The auditory brainstem response (ABR) is a clinical tool to assess the neural functionality of the auditory brainstem. The use of verbal stimuli in ABR protocols has provided important information of how the speech stimuli are processed by the brainstem structure. The perception of speech sounds seems to begin in the brainstem, which has an important role in the reading process and the phonological acquisition speech ABR assessment allows the identification of fine-grained auditory processing deficits, which do not appear in click evoked ABR responses. The syllable /da/ is commonly used by speech ABR assessment due to it being considered a universal syllable and allows it to be applied in different countries with good clinical assertiveness. The speech ABR is a objective, fast procedure that can be applied to very young subjects. It be utilized in different languages and can provide differential diagnoses of diseases with similar symptoms, as an effective biomarker of auditory processing disorders present in various diseases, such as dyslexia, specific language impairment, hearing loss, auditory processing disorders, otitis media, and scholastic difficulties. Speech ABR protocols can assist in the detection, treatment, and monitoring of various types of hearing impairments.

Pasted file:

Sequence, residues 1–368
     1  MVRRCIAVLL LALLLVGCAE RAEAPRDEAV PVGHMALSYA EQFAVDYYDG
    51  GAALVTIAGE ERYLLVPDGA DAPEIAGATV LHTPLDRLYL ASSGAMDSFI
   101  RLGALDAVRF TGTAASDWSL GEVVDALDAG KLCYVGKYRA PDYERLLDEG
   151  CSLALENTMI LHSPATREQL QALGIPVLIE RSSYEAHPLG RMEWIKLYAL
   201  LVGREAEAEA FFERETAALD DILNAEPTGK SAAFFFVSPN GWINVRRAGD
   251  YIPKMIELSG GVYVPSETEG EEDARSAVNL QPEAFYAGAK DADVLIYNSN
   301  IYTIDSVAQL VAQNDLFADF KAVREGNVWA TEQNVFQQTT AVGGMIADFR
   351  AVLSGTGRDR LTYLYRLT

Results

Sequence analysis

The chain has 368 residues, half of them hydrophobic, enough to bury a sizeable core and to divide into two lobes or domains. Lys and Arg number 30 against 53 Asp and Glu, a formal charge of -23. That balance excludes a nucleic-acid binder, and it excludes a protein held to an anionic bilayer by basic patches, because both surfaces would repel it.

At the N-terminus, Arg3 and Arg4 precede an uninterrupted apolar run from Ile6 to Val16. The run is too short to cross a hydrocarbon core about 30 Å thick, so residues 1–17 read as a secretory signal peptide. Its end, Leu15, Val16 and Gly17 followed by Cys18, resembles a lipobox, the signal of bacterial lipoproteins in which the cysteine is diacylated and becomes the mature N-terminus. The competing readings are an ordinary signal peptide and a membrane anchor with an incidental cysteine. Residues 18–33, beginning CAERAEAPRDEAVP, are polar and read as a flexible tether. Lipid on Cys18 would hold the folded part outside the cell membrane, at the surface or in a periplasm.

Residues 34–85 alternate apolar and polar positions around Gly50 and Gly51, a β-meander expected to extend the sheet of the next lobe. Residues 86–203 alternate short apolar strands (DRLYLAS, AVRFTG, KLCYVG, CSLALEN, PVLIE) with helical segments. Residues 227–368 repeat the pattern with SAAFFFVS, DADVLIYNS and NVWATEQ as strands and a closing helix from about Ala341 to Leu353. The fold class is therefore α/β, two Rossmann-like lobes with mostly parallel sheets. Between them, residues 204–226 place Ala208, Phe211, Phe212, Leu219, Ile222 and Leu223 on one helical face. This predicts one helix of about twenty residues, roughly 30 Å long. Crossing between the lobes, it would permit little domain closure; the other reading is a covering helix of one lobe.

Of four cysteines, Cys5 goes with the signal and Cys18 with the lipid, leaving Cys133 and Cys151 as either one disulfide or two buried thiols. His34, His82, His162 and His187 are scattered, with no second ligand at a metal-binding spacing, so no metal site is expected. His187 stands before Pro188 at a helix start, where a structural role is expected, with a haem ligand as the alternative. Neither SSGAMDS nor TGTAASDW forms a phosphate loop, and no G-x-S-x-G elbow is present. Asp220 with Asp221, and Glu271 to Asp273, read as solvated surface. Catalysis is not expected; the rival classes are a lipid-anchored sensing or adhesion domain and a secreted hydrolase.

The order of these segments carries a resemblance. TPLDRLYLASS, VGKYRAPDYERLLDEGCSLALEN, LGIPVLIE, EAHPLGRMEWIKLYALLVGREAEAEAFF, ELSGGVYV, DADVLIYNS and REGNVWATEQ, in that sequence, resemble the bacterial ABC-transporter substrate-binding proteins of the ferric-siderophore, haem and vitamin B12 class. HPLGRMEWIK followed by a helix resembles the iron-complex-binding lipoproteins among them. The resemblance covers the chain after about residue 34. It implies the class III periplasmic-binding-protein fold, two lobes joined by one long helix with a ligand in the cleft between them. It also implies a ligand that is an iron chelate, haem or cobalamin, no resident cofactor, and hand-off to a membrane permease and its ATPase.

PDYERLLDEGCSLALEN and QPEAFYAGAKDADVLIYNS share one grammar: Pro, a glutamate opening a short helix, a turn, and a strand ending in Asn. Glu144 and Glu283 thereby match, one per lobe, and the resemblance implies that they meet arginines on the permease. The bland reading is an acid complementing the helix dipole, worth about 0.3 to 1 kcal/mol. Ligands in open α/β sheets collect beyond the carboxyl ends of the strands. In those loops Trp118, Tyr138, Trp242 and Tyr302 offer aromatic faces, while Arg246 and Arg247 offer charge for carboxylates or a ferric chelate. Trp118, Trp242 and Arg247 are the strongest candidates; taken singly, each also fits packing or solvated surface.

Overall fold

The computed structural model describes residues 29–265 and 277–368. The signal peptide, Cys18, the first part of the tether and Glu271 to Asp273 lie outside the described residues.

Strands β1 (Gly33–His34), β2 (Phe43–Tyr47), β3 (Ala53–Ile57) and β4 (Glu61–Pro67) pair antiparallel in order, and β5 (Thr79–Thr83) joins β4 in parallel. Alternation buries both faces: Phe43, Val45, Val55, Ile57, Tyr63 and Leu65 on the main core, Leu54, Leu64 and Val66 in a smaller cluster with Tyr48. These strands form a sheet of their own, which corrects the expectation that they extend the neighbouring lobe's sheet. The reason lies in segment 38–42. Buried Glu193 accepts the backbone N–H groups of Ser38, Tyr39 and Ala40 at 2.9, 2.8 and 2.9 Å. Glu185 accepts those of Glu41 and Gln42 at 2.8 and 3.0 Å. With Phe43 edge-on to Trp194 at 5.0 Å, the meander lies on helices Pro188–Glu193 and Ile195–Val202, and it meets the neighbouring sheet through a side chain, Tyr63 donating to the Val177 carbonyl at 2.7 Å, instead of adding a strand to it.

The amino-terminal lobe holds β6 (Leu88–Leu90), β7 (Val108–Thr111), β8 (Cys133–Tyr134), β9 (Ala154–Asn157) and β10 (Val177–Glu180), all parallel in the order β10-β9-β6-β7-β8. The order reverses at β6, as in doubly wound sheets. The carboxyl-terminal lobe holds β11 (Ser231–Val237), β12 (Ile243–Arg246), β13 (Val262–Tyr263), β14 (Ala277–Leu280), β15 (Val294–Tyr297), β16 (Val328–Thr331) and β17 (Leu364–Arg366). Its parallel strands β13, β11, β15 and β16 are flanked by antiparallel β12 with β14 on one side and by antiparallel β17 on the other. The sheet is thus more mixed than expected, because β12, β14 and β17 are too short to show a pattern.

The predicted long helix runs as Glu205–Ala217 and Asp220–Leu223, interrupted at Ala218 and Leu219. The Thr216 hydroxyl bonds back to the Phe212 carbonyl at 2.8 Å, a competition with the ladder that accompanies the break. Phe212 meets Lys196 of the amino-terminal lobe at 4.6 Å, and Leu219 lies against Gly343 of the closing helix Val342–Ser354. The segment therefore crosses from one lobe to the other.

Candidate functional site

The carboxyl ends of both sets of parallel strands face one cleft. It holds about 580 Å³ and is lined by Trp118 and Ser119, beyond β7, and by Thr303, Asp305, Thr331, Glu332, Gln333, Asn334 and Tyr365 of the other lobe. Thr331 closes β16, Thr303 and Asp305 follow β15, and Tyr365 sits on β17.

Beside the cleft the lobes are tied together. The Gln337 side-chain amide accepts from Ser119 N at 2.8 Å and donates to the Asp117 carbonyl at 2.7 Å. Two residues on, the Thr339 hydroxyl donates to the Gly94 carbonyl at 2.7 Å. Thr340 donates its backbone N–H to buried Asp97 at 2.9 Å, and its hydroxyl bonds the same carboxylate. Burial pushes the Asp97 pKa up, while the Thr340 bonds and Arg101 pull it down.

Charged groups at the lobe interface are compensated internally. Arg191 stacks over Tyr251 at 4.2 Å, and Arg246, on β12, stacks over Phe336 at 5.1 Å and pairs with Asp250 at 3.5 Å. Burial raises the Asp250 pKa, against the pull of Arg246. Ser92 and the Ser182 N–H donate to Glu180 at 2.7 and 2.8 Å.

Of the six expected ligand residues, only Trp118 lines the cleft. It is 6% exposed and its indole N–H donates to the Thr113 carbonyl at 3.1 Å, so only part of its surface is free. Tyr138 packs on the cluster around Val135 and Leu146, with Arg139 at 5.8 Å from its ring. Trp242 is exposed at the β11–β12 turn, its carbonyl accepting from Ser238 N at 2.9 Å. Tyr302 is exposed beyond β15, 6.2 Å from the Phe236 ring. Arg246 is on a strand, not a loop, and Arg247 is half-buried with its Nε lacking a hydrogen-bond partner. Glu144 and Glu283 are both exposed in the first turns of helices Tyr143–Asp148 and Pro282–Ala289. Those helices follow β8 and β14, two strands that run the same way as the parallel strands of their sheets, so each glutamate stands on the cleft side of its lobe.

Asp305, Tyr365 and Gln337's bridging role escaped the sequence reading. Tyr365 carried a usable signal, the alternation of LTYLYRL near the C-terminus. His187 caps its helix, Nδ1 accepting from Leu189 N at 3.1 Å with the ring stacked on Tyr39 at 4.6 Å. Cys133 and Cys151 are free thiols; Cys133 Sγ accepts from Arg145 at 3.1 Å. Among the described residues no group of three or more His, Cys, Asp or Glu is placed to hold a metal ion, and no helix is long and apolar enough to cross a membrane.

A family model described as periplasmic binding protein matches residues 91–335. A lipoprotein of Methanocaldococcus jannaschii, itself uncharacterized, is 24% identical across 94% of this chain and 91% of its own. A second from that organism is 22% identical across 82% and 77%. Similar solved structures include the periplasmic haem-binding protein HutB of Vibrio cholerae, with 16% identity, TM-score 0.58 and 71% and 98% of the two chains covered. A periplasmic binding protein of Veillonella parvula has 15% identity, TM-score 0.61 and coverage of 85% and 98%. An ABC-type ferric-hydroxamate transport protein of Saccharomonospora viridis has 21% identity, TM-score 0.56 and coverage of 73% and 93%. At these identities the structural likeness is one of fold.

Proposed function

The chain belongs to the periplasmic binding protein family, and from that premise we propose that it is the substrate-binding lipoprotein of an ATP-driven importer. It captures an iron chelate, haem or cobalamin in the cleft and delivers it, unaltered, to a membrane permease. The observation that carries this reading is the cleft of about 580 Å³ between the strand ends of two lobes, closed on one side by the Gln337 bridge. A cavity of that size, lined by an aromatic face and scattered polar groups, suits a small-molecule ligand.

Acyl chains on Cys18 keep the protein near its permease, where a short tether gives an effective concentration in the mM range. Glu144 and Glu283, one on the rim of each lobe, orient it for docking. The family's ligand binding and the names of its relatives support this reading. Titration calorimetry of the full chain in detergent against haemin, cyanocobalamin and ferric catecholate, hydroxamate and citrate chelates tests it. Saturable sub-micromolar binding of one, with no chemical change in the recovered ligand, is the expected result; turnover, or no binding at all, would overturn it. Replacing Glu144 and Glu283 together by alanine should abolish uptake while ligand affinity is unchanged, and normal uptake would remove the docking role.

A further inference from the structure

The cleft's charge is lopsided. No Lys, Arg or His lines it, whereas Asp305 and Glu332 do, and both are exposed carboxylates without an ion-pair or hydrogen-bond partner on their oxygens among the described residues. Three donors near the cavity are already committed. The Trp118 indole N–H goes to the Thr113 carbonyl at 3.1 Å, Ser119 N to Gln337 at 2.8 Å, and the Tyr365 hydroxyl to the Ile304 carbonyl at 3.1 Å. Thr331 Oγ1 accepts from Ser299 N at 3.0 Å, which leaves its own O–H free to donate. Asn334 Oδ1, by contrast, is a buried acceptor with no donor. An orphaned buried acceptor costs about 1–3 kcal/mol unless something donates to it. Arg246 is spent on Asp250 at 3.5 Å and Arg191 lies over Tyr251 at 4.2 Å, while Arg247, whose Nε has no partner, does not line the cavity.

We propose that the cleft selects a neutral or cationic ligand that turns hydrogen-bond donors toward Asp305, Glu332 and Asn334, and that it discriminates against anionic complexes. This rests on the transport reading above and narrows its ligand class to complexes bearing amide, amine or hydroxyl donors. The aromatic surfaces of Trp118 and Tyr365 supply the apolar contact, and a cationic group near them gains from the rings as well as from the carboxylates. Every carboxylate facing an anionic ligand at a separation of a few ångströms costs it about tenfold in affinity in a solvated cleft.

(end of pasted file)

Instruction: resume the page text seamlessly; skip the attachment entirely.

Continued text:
Part of the book: Advances in Clinical Audiology
In this chapter, recent data on the clinical application of the frequency following response (FFR) in different age groups will be presented. The chapter begins with the importance of using speech sounds in electrophysiological assessments. Then the FFR methodology is presented, giving normative data and the expected responses in different age groups: infants and young children, children and adolescents, and adults and the elderly. Finally, the unique responses of each age group are presented in order to show how this new technology can be an extremely useful tool for diagnosing hearing dysfunction.
Part of the book: Human Auditory System